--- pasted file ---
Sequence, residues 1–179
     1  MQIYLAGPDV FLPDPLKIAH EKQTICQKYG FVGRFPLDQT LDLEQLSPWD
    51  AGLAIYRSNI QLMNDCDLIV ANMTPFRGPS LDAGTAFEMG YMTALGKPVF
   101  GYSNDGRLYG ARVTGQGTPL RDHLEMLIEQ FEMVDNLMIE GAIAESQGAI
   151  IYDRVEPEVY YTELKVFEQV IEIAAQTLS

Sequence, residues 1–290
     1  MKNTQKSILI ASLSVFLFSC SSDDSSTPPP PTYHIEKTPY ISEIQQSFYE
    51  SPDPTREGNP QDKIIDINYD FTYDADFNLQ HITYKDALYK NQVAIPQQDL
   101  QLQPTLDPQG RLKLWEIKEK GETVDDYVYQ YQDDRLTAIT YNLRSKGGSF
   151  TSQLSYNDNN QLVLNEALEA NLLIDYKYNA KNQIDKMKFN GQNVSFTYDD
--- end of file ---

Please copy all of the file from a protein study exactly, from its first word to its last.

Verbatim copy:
Sequence, residues 1–179
     1  MQIYLAGPDV FLPDPLKIAH EKQTICQKYG FVGRFPLDQT LDLEQLSPWD
    51  AGLAIYRSNI QLMNDCDLIV ANMTPFRGPS LDAGTAFEMG YMTALGKPVF
   101  GYSNDGRLYG ARVTGQGTPL RDHLEMLIEQ FEMVDNLMIE GAIAESQGAI
   151  IYDRVEPEVY YTELKVFEQV IEIAAQTLS

Sequence, residues 1–290
     1  MKNTQKSILI ASLSVFLFSC SSDDSSTPPP PTYHIEKTPY ISEIQQSFYE
    51  SPDPTREGNP QDKIIDINYD FTYDADFNLQ HITYKDALYK NQVAIPQQDL
   101  QLQPTLDPQG RLKLWEIKEK GETVDDYVYQ YQDDRLTAIT YNLRSKGGSF
   151  TSQLSYNDNN QLVLNEALEA NLLIDYKYNA KNQIDKMKFN GQNVSFTYDD